An analysis involving almost 40,000 people living with HIV in the United States has found that women are significantly more likely to be diagnosed with type 2 diabetes than both their male and HIV-negative counterparts.
Dr Morgan Birabaharan and colleagues at the University of California analysed a huge observational patient record database that contained anonymised information from over 300 hospital sites in the US in order to establish a relationship between HIV, gender and type 2 diabetes. Findings are published in AIDS.
A diagnosis of modern times, type 2 diabetes is a state wherein the body is able to produce the hormone insulin but receptors have reduced sensitivity toward it, rendering the insulin less effective. Insulin is an essential hormone in the regulation of blood sugar – without effective insulin the body can’t transport glucose into cells to use as a source of energy. This results in persistently high levels of sugar which in turn causes blood vessels all over the body to harden due to sugar-laden walls. This leads to a plethora of issues throughout the body including strokes, heart attacks, delayed healing and increased risk of infections.
Risk factors for type 2 diabetes include obesity, increasing age and genetic profile. With a global population that is on average becoming older and more overweight, type 2 diabetes is increasingly common. In general, men have higher rates of diabetes than women. Although there are plentiful treatments available, even with good control of blood sugars there is still an increased risk of cardiovascular disease, not to mention issues with the eyes, kidneys and skin.
The authors of this study wanted to explore whether women with HIV were more likely to develop diabetes than their male counterparts. They analysed a database called Explorys and used a standardised methodology to identify records of people with diabetes and HIV. Other data including smoking status, age, race and body mass index (BMI) was also collected as these have also been implicated as risk factors for diabetes. People with a BMI over 30 were classed as obese. However Explorys does not capture HIV specific information such as viral load, antiretroviral history and CD4 count so these couldn’t be factored in the analysis.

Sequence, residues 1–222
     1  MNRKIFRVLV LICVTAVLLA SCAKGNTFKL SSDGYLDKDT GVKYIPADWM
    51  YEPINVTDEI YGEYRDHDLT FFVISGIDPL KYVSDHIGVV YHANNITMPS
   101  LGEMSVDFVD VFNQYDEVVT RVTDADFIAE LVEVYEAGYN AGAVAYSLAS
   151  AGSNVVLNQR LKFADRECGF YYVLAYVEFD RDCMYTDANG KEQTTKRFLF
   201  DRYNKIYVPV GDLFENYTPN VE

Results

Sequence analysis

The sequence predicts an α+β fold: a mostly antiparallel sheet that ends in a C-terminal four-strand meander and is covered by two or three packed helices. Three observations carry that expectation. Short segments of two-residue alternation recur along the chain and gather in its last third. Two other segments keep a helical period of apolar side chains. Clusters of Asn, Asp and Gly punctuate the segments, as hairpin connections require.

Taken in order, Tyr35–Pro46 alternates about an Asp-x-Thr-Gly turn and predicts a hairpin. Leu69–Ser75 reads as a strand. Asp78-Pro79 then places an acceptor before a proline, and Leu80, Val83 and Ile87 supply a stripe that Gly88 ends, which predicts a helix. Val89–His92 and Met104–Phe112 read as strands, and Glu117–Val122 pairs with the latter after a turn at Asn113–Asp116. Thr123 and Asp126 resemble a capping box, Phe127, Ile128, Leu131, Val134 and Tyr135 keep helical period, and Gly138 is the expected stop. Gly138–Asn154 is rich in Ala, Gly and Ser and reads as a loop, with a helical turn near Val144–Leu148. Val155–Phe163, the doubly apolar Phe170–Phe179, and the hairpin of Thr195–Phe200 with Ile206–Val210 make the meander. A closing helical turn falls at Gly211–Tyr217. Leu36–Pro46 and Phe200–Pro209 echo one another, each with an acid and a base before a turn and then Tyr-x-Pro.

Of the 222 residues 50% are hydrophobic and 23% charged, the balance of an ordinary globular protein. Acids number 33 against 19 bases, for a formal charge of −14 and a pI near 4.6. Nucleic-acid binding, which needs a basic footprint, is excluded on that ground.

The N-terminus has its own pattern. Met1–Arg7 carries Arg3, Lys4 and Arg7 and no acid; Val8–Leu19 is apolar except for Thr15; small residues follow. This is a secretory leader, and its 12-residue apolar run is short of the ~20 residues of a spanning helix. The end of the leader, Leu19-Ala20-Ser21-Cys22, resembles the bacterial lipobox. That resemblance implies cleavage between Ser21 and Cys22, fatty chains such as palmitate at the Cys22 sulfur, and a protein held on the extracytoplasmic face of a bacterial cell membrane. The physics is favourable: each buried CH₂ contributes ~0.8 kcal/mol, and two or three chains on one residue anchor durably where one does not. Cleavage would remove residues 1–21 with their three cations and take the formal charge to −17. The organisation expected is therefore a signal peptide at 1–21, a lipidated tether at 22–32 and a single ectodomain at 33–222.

A total of 39,485 people living with HIV were compared with 19,182,775 people without HIV. Data collected between 2016 and 2021 were collected. People living with HIV in the study were younger (87% vs 70% below the age of 65), more likely to be Black (43% vs 12%) and more likely to smoke (55% vs 32%). Of people with HIV, 24% were female compared with 56% in the group without HIV.
The analysis overwhelmingly confirms a relationship between HIV and type 2 diabetes for women, even when accounting for the prior mentioned confounding factors. Among people with HIV, 23% of women had a diagnosis of type 2 diabetes compared to 16% of men. Of those without HIV, 14% of women and 17% of men had a type 2 diabetes diagnosis. After adjustment, women with HIV were 1.3 times (95% confidence interval 1.24 - 1.38) more likely to have diabetes than women without HIV. Obesity rates also varied: 58% of women with HIV were classed as obese compared to 49% of women without HIV, 46% of men without HIV and 35% of men with HIV.
When removing obesity as a confounding factor this relationship was actually more pronounced (non-obese women with HIV being 1.41 times more likely to have a type 2 diabetes diagnosis than those without HIV). This means that HIV appears to increase the risk of a diabetes diagnosis in those who are not already at increased risk of diabetes due to excess weight. Among HIV-positive women with obesity, HIV still increases diabetes risk but the impact is lessened as obesity also contributes to the strength of the relationship.